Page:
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The following file "works" (the sense that it does not throw any errors):

<!doctype html>
<html ng-app="modx">
    <script src="http://code.angularjs.org/angular-1.0.0rc7.js"></script> 
        angular.module("modx", [], function($routeProvider) {

but this

<!doctype html>
<html ng-app="modx">
    <script src="http://code.angularjs.org/angular-1.0.0rc7.js"></script>
        angular.module("modx", [], function($routeProvider, $rootScope) {

gives the error:

Error: Unknown provider: $rootScope from modx
Source File: http://code.angularjs.org/angular-1.0.0rc7.js
Line: 2491


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+1 for WTF as the bottom line. –  Eliran Malka Jul 9 '13 at 17:31

2 Answers 2

up vote 133 down vote accepted

You can not ask for instance during configuration phase - you can ask only for providers.

var app = angular.module('modx', []);

// configure stuff
app.config(function($routeProvider, $locationProvider) {
  // you can inject any provider here

// run blocks
app.run(function($rootScope) {
  // you can inject any instance here

See http://docs.angularjs.org/guide/module for more info.

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Thanks, it makes perfect sense, but how did you know that? Was it in the docs? –  Malvolio May 7 '12 at 21:55
@Mavolio No, he is one the 3 core developers. –  ChrisOdney Jun 6 '12 at 19:36
Well, FWIW, it is in the docs now, under the "Module Loading & Dependencies" section. –  Mark Rajcok Oct 2 '12 at 18:41
@vojta But what if I need to pass parameter from outside and use it in config ? say root path within asp.net app ? I just don't want to use global variables and wanted to use ng-init='root:<%= myroot %>' and use root value into module.config. –  vittore May 26 '13 at 19:58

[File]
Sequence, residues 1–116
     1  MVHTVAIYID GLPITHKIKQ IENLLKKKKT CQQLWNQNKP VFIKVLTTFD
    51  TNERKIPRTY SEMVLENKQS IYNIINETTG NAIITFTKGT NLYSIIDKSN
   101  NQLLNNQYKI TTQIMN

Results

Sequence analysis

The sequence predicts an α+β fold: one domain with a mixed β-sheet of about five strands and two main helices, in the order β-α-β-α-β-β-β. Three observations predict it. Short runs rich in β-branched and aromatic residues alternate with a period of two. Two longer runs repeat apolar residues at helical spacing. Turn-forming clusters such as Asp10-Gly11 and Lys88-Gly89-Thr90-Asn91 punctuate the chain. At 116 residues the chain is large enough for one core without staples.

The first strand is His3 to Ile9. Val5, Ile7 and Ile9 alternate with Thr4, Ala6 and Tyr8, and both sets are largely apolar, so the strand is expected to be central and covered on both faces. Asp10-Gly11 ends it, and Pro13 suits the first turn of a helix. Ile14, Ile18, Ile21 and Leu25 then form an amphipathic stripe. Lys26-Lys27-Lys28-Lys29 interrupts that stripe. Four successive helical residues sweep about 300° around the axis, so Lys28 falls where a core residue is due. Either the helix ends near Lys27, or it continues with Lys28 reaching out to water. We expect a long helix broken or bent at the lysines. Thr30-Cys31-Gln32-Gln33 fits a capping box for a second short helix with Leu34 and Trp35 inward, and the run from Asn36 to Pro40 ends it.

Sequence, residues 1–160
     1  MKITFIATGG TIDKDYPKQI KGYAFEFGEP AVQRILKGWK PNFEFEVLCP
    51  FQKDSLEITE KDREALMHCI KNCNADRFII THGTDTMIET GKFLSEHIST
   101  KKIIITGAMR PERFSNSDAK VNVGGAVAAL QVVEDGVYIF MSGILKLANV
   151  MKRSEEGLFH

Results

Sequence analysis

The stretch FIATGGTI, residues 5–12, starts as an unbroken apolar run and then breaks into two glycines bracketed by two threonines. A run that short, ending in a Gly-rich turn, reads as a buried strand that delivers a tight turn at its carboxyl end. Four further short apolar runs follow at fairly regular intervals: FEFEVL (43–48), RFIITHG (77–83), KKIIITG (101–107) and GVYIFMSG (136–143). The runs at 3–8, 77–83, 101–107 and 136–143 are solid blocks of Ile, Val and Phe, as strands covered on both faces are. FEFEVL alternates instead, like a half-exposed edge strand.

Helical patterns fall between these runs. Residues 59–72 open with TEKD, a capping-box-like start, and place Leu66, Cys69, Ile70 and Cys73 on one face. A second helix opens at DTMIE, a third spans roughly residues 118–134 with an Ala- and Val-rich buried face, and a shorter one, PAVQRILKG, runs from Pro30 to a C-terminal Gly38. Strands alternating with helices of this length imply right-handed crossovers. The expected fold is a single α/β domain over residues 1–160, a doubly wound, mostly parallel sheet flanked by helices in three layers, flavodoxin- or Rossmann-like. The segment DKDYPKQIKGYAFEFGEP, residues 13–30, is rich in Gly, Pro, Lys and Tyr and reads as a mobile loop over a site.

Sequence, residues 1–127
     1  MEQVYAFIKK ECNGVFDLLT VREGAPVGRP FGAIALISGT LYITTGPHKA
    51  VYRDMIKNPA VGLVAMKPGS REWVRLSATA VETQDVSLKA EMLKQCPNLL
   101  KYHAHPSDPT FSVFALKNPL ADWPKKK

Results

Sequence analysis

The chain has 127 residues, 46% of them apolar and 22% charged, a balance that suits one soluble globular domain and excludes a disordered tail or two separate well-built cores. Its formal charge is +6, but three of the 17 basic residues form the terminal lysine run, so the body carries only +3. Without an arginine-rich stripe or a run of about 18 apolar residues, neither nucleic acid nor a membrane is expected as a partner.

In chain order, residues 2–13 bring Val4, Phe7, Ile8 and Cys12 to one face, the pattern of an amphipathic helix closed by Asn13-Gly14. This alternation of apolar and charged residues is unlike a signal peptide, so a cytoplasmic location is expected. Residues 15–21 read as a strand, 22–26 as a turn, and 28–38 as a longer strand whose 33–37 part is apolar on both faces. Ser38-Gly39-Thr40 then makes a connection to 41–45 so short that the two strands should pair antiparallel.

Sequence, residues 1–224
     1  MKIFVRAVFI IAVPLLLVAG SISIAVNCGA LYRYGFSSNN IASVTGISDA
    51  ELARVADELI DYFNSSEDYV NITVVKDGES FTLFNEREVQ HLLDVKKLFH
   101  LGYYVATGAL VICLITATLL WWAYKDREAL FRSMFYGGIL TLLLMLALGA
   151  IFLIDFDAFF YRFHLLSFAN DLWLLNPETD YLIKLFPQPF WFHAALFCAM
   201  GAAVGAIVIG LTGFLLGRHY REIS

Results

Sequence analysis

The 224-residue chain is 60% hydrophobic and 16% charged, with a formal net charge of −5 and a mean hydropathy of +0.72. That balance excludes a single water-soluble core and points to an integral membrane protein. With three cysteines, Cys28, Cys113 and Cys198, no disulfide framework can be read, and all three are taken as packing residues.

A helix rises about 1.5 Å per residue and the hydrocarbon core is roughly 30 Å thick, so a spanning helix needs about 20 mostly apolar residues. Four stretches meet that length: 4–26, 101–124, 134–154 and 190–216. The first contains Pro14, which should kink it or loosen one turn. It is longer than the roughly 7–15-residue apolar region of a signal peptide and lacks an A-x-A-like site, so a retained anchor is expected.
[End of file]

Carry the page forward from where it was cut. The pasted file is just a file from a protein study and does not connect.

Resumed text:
@vittore I think, putting this "outside" config into the global window is fine. Or having one module that defines all this stuff and then you load it in your app - eg. angular.module('config', []).constant('appRoot', '/local/js/app'); (this code would be generated by your server (you could even generate it as a JS file, rather then inlining into the html file). Then, your app loads this module and therefore has access to appRoot. –  Vojta Aug 22 '13 at 19:21

I've found the following "pattern" to be very useful:

MainCtrl.$inject = ['$scope', '$rootScope', '$location', 'socket', ...];
function MainCtrl (scope, rootscope, location, thesocket, ...) {

where, MainCtrl is a controller. I am uncomfortable relying on the parameter names of the Controller function doing a one-for-one mimic of the instances for fear that I might change names and muck things up. I much prefer explicitly using $inject for this purpose.

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